PALM HARBOR, Fla. -- The only way Phil Mickelson could advance his ball from underneath a bush on the 12th hole at Doral was to swing from the other side. As is often the case, risk was involved.
"I certainly didn't want to have to hit a right-handed shot with the lead," he said.
What concerned his caddie was the chance it could hit a palm tree and ricochet into even worse trouble, if not out of bounds. That's why Jim "Bones" Mackay suggested a more conservative option by taking a penalty stroke and moving 20 yards back.
He was overruled. Lefty was adamant about going righty.
"I've done this before," Mickelson told him.
That might make the top 10 list of the worst things a caddie can hear his player say, but it's not on Mackay's list. He knew Mickelson had actually done it before.
"One year Phil was playing at Summerlin with Neal Lancaster," Mackay said, referring to the Las Vegas tournament. "The 12th hole was a par 4 where you drive it short of this lake, and then it runs all the way up the right side. Phil drove it next to a tree in front of the lake, so the next shot was entirely over water. He turns over an 8-iron and knocks it right-handed onto the green, 15 feet from the hole.
"Neal hits it to 30 feet and left the first putt 15 feet short. Before he putted the next one, he turns to Phil and says two things -- 'I can't believe that shot you hit,' and 'I've got no chance of making this putt.' And he missed it."
The right-handed shot at Doral came out perfectly -- except that it hit a tree. Luckily for Mickelson, it dropped down into the rough, and he wound up making only a bogey. Mickelson went on to win the CA Championship by one shot.
The caddie-player relationship took on a peculiar twist Tuesday afternoon on the practice range at Innisbrook when J.P. Hayes hit a smother-hook into the trees and uttered with genuine surprise, "Whooooaaa!"
Paul Goydos looked over at him and smiled.
"That's probably the worst thing a caddie can hear his player say," Goydos said.
And so began an animated discussion of the worst things a caddie can hear his player say. Among them:
"I think it's time for us to make a change."
This is player-caddie code for "you're fired."
"I'll keep the yardage book today."
This does not mean the player is taking some of the workload off the caddie. This is a bad sign that usually precedes, "I think it's time for us to make a change." It happened to Mike "Fluff" Cowan at Riviera in 1999, and it was the last time he caddied for Tiger Woods.
"How far did you say we had?"
Such a question typically is posed after a shot goes either 30 yards over the green or comes up 30 yards short. Usually, it means the caddie made a mathematical blunder -- but not always.
Shaun Micheel flew the 16th green at Wentworth by some 20 yards in the World Match Play Championship final against Paul Casey. Everyone assumed he had a bad yardage, especially when Micheel was overheard telling caddie Tony Lingard after making double bogey, "Don't say another word to me the rest of the day."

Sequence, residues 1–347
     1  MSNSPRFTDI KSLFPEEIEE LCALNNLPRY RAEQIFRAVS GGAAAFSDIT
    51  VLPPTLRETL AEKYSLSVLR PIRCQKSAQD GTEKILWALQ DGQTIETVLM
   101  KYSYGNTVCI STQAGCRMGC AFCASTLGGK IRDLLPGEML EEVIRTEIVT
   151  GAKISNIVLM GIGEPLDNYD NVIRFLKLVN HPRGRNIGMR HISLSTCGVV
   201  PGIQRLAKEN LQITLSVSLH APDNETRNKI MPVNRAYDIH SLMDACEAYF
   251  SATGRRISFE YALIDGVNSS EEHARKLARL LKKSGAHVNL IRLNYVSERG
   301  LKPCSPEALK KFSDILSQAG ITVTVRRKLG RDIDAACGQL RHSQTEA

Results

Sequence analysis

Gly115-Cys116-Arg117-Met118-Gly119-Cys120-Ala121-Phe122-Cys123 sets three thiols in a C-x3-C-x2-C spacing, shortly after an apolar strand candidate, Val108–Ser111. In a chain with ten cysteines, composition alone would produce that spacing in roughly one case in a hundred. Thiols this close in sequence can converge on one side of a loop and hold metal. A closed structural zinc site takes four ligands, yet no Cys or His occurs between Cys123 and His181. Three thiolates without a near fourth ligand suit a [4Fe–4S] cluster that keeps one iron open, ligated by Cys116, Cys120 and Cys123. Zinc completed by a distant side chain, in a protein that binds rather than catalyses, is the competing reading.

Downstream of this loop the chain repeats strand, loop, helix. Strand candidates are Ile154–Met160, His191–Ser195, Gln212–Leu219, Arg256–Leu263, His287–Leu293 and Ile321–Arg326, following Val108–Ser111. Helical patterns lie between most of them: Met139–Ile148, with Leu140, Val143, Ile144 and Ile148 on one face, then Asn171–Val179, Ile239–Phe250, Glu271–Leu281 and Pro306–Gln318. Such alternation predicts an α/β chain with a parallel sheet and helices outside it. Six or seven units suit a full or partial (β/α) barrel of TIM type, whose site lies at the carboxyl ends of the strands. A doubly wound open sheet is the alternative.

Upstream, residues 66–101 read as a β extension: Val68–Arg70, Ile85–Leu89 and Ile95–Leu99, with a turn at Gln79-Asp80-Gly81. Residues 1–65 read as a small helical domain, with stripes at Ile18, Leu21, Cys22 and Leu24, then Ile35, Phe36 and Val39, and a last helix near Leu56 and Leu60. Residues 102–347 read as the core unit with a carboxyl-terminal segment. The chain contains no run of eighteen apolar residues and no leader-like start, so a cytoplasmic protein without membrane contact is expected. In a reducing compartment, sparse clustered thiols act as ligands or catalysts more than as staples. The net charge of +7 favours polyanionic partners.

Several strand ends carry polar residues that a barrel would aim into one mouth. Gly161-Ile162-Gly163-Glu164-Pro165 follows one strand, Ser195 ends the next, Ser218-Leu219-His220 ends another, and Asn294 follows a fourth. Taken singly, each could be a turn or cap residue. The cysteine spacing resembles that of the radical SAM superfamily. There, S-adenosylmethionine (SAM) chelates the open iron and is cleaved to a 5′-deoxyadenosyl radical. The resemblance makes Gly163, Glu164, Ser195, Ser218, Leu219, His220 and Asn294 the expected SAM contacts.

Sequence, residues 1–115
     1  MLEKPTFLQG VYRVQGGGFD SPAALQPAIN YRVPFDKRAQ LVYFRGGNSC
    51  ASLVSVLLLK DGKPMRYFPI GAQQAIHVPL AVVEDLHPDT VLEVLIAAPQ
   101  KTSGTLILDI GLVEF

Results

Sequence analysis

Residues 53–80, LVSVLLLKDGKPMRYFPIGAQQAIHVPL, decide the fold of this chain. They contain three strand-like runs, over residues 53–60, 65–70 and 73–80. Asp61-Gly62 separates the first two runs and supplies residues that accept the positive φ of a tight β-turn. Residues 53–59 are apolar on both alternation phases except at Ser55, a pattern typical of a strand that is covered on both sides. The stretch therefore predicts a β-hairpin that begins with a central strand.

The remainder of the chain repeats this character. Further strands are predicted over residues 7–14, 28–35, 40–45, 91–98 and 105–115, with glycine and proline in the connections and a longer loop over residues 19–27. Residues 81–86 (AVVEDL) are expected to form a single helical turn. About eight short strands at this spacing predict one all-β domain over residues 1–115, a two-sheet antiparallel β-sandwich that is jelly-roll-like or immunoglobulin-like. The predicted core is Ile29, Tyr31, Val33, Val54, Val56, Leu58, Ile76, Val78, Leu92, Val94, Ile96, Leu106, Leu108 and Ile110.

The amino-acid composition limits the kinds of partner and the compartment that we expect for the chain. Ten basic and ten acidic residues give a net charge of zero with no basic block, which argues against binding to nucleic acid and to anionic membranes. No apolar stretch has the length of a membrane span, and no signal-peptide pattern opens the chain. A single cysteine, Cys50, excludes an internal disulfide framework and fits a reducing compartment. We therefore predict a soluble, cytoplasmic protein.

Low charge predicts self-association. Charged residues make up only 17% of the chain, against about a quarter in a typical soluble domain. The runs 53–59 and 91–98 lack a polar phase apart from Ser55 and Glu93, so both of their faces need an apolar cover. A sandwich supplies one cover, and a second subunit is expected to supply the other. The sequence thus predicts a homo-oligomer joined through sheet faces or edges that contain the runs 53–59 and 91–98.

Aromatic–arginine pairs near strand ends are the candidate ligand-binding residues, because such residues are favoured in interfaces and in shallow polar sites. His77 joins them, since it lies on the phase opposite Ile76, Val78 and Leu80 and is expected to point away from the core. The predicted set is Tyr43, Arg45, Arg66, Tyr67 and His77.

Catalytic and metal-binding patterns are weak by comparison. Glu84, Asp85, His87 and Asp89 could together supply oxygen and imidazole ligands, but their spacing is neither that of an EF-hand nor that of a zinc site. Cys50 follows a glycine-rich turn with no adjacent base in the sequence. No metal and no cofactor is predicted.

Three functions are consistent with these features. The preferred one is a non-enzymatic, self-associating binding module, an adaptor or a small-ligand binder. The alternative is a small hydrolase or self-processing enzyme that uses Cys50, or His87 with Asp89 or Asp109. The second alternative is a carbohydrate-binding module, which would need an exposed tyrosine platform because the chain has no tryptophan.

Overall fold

But that's not what happened. Micheel wanted to hit 8-iron, and when the ball sailed over the green, caddie Tony Lingard said to him, "Told you it was a 9-iron." Now that's probably the worst thing a caddie can say to his player.
Some other things a caddie never wants to hear from his player:
In other words, the ball has no chance of finding the green.
"Why do we have two drivers in the bag?"
Ian Woosnam's caddie actually figured this out by himself on the second tee of the final round at the 2001 British Open. The extra club came with a two-stroke penalty.
"Can you get my cell phone? I'm going to see if I can catch an early flight."
This is especially bad to hear on Friday morning. It means the player has no chance of making the cut, or believes he has no chance, which is even worse.
"I think I'm going to add Pebble Beach to my schedule this year." Why is this the last thing a caddie wants to hear? Not just because the rounds can be long with two pros and two amateurs over three days. And not because the bag will be heavier than usual with all the rain gear. The toughest part for a caddie is getting to the other two courses on the rotation, then finding the parking lot.
Mackay has been working for Mickelson the last 16 years, and he was asked for his own list of the worst things Lefty could say to him. Based on the answers, he probably was kidding.
"Do you like this club if I decide to skip it across the water?" Mickelson is among the best at skipping tee shots across the pond on the 16th hole at Augusta National, which has become a tradition during the practice round. It would not be terribly unusual for him to try it in competition.
"Did you hear what I just said to you?"
Mickelson said this on the 18th hole at Baltusrol in the third round of the 2005 PGA Championship. He was buried in the left rough with a stream dissecting the fairway about 80 yards away. Lefty wanted to hit a 4-wood. Mackay insisted that he lay up short with a wedge, fearing the 4-wood would tumble into the water.
The caddie tried one last time to talk him out of it when Mickelson interrupted by saying, "Did you hear what I just said to you?"
In other words, end of discussion.
"I looked like a buffoon when it came to rest behind the green," Mackay said.
Doug Ferguson is the golf writer for the Associated Press.